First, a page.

A person suing for damages related to a Florida car accident must consider a wide variety of legal issues when preparing to file the complaint. Those issues get a bit more complicated when the party at fault for the accident is the United States government. As the U.S. District Court for the Middle District of Florida recently explained in Rodriguez-Rivera v. U.S., the Federal Tort Claims Act allows a person to sue Uncle Sam for the negligence of his employees.

Pedro Rivera Amador was killed in a car accident near Tampa when the vehicle he was driving was struck head on by a car driven by Marine Corps Captain Scott P. Sciple, who was traveling in the wrong direction on I-275 at the time of the crash. Sciple had recently been deployed to MacDill Airforce Base and had suffered from Post-Traumatic Stress Disorder and alcohol abuse as a result of injuries sustained during multiple stints in Iraq and Afghanistan. Although Sciple said he had no recollection of drinking that night – nor how he wound up traveling in the wrong direction on the interstate – tests conducted at the scene of the crash showed that his blood alcohol level was three times the legal limit.

Carmen Rodriguez-Rivera, Rivera Amador’s wife, was also injured in the accident. She later filed suit against the United States, alleging a number of negligence claims under the Federal Tort Claims Act. The statute provides that the federal government can be held liable for personal injury caused by the negligence of an employee acting within the scope of his or her employment.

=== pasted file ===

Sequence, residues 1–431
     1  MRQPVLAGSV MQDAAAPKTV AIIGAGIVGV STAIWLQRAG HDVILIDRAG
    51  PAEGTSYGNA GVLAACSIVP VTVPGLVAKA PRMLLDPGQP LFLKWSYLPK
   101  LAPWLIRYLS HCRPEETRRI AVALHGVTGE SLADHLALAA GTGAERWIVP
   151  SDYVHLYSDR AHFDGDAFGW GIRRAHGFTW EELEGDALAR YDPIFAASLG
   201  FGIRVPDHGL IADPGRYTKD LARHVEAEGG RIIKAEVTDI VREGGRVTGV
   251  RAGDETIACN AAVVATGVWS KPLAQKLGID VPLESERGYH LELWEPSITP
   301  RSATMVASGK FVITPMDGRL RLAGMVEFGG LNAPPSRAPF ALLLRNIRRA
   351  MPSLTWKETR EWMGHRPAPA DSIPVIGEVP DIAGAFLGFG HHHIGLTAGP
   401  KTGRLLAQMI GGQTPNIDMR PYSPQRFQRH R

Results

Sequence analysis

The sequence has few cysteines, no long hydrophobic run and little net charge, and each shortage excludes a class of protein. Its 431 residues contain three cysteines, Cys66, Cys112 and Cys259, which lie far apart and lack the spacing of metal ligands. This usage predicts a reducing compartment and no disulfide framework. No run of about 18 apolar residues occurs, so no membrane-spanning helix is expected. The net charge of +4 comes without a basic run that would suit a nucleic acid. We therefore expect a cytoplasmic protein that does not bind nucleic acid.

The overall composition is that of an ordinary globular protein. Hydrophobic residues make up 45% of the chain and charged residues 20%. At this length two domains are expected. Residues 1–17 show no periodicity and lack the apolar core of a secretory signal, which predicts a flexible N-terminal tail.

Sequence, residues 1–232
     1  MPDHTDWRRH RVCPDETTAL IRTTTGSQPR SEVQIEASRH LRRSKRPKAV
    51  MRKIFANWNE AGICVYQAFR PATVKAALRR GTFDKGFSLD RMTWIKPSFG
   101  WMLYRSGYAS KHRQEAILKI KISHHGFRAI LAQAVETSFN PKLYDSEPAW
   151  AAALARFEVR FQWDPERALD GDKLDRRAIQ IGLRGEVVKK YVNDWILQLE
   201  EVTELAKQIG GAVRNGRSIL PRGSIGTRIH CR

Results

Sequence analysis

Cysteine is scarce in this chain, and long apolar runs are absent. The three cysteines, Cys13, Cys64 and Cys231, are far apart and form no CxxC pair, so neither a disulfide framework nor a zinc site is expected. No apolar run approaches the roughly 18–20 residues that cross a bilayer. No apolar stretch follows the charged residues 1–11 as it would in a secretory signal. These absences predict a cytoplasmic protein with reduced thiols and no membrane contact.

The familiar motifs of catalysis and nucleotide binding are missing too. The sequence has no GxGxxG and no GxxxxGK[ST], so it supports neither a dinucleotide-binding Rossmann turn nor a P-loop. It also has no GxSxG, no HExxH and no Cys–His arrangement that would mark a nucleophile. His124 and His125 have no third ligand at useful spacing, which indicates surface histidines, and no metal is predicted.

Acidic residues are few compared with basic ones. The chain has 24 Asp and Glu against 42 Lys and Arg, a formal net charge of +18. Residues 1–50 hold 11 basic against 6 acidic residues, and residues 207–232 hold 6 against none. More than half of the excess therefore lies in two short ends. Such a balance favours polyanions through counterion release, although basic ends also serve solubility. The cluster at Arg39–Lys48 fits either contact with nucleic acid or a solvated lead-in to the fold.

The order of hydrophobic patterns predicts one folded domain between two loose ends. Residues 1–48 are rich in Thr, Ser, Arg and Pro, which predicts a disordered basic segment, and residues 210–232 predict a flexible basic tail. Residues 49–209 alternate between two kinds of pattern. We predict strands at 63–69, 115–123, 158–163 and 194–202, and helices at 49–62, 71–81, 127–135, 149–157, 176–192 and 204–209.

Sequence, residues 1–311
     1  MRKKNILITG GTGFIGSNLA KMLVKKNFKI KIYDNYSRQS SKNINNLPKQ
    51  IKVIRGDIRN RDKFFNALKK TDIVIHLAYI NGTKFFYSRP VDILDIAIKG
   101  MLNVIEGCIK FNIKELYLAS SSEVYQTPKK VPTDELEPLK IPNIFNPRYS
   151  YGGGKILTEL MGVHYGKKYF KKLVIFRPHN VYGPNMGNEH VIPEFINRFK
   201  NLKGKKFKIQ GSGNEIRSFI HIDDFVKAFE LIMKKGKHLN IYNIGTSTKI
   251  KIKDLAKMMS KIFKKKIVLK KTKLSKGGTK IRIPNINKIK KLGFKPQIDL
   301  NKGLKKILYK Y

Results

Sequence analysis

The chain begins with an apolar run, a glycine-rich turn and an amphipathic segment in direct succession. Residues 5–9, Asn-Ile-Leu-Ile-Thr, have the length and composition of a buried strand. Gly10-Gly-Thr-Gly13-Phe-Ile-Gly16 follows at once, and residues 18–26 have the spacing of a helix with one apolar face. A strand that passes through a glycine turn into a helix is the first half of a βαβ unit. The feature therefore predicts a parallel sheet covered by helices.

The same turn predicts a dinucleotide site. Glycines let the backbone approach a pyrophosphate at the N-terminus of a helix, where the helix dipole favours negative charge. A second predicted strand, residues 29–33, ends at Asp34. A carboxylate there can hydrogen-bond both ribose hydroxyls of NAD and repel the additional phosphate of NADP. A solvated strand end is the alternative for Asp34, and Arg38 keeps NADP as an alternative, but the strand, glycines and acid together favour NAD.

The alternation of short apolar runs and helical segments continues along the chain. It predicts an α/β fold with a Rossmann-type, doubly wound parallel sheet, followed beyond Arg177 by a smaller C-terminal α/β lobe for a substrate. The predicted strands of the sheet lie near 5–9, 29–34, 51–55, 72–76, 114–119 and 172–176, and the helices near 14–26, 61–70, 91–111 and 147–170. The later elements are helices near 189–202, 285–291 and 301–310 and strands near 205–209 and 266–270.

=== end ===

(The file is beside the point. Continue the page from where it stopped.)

The district court rejected the U.S.’s argument that the claims should be dismissed because Sciple was not acting within the scope of his employment at the time of the accident, finding that it was too early in the litigation to make this determination.

Although the question was jurisdictional – the court would not have jurisdiction over Rodriguez-Rivera’s claims if it found that Sciple was not acting within the scope of employment – the court explained that the issue was also “intertwined” with the merits of the negligence claims. As a result, it was necessary to allow the parties to conduct discovery and present a full record before the court could rule on this issue.

Nevertheless, the court agreed with the government that Rodriguez-Rivera’s claims for negligent training and supervision were ripe for dismissal. In these claims, she alleged that the U.S. knew or should have known about Sciple’s PTSD and related conditions and negligently determined him to be “fit for duty,” allowing him to rent a car and ordering him to be deployed to Tampa.

“[D]ecisions related to the military’s conclusion that a soldier is fit for duty are clearly grounded in public policy,” the court said, and are thus removed from scrutiny under the FTCA because they include a “discretionary function” of the U.S. government. As a result, the court dismissed the failure to train and supervise claims.

If you have been injured in a car accident in Florida, it is important to consult an experienced attorney to ensure the strongest possible legal representation in the event a lawsuit goes to trial. The South Florida car accident lawyers at Anidjar & Levine represent clients throughout the area, including in Pompano Beach, Hialeah and Hollywood. Call the Fort Lauderdale office today at 800-747-3733.

Related blog posts:

Valet Service Not Liable for Florida Drunk Driving Accident – Weber v. Marino Parking Systems, Inc.

Comparative Negligence Evidence in Florida Car Accident Cases – Lenhart v. Basora

“Claim Splitting” in Florida Car Accident Cases – Robbins v. General Motors de Mexico